When the calendar turns to 2008 in a few days, the race to elect our next president will intensify.
On Jan. 3, Iowa will hold its caucuses, and the candidates who do well there will pick up substantial momentum as they head into primaries in the coming weeks.
There will be little margin for error because this is the most front loaded primary season there has ever been. For example, more than 20 states will hold their primaries on Feb. 5 (including Tennessee).
To this point, the most interesting aspect of the race has been watching the rising and falling of candidates in the polls.
There is way too much emphasis put on polls during an election season, especially the general national polls that the mainstream media report the most. National polls really don't mean much because we don't elect a president (or a nominee for the two major parties) through a general national vote.
To use polls more effectively, it is important to look at the race on a state by state basis.
In reviewing the polls in Iowa in the last several weeks, the most interesting story has been the emergence of former Arkansas Gov. Mike Huckabee as a major player.
For months, he languished in the single digits of most polls as he methodically got his face in front of the voters in that state. That has changed in the last several weeks as he has surged toward the top of most polls taken there.
When this happened, everything changed for his campaign. More money flowed in, the major television networks became more interested in putting him on their shows, and voters began listening a little more closely to what he had to say.
However, there was one specific moment when it became apparent that Huckabee had truly arrived as a candidate with a chance to win. This occurred when all the other Republican candidates took aim at him and began to criticize him.
After all, candidates don't typically start ripping someone until they view him as a threat. Until a few weeks ago, Republicans treated Huckabee as nothing more than a pesky fly that needed to be swatted away every now and then.
Now, folks are coming after him with a big can of Raid.
For example, former Massachusetts Gov. Mitt Romney attacked his record on taxes while he was Arkansas governor and implied that he was soft on crime and immigration.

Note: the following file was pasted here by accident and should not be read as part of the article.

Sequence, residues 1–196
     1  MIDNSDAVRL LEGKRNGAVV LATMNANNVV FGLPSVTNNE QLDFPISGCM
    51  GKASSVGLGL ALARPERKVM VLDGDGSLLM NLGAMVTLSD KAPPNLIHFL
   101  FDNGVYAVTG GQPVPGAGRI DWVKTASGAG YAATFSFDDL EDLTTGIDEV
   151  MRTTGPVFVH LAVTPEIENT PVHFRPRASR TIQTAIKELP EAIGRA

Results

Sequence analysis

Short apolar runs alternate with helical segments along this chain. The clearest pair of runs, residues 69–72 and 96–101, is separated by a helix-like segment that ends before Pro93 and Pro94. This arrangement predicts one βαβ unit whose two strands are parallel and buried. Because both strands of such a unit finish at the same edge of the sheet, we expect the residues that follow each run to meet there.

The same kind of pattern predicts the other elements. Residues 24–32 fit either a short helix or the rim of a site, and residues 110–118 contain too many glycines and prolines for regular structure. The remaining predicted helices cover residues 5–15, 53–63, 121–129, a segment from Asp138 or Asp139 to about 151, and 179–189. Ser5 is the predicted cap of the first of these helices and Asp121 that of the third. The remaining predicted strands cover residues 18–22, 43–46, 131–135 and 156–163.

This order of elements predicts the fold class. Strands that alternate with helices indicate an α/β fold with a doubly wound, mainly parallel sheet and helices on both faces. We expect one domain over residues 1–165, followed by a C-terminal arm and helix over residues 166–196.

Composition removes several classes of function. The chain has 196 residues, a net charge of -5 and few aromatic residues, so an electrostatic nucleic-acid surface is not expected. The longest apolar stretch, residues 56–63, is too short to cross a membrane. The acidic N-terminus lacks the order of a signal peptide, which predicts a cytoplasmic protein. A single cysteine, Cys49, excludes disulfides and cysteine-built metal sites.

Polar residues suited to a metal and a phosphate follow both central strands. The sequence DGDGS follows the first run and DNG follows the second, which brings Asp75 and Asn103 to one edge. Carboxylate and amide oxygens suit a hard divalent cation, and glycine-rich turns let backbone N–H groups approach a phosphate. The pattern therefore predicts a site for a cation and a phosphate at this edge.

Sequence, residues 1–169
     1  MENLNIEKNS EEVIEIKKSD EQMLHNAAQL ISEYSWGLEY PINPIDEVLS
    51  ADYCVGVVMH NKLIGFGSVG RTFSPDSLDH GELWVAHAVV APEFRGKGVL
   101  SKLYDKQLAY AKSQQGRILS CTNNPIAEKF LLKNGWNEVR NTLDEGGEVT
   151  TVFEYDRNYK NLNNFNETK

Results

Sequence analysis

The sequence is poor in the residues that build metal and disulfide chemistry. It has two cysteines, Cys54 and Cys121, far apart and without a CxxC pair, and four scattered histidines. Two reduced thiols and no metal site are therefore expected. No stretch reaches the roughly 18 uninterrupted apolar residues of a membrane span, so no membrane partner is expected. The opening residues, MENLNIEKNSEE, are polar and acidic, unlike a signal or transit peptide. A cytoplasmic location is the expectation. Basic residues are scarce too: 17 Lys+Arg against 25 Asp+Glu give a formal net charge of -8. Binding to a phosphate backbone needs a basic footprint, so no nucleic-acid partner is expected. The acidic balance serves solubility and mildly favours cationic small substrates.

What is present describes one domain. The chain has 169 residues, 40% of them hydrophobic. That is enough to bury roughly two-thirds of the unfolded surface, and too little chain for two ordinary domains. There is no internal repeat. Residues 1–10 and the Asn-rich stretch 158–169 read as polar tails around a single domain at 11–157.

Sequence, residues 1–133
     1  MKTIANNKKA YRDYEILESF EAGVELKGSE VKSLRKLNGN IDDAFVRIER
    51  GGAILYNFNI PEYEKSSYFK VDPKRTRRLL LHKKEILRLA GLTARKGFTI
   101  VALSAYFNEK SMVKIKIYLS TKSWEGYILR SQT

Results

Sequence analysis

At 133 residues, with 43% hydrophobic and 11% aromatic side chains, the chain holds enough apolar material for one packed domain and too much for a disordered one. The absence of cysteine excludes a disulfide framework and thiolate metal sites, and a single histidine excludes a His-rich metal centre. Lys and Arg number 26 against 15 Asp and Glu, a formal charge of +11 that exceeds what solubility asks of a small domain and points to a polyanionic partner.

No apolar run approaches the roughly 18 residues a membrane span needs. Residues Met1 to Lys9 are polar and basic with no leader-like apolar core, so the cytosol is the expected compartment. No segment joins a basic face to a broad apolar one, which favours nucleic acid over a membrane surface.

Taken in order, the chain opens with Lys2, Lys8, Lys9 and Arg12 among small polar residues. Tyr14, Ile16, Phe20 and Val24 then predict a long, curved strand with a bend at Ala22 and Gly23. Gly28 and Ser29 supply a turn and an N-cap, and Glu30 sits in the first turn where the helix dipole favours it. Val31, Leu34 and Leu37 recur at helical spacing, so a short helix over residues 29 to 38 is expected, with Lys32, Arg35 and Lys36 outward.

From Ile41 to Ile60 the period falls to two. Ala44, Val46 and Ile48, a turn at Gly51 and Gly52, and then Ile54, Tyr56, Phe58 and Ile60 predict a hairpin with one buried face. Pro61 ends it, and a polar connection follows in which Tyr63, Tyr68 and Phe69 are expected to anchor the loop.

Independent groups attacked him before Christmas for a television commercial he made that invoked the birth of Christ.
I guess this is an example of how politics is different than most other aspects of life.
In most areas of life, the stature of a person is often confirmed by how good his reputation is and the good comments people make about him.
However, in a political campaign, we can measure how popular a candidate is by all the negative things that are said about him. For Huckabee, he was just another likeable guy until he got popular then the big guns got unloaded on him.
For a long time, I didn't understand why presidential candidates put themselves through the meat grinder of negativity that they have to go through to win that office. It seemed like too big a sacrifice to me.
Finally, it dawned on me that all this negativity was a stamp of approval that a candidate had arrived as a genuine political force. After all, the measure of a candidate can many times be made by understanding who his critics are and how they criticize him.
As for Huckabee, please don't misinterpret this posting as an endorsement of him in any way. I don't publicly support candidates anymore. I don't put signs in my yard telling my neighbors who to vote for. I don't contribute money to campaigns. I only advocate that people study the candidates so they can make an informed vote.
It's just that watching the rise of Huckabee recently has been fascinating. In most campaigns, an unknown comes from out of the pack to create drama for a little while.
Will Huckabee be able to sustain his momentum? We'll find out starting Jan. 3.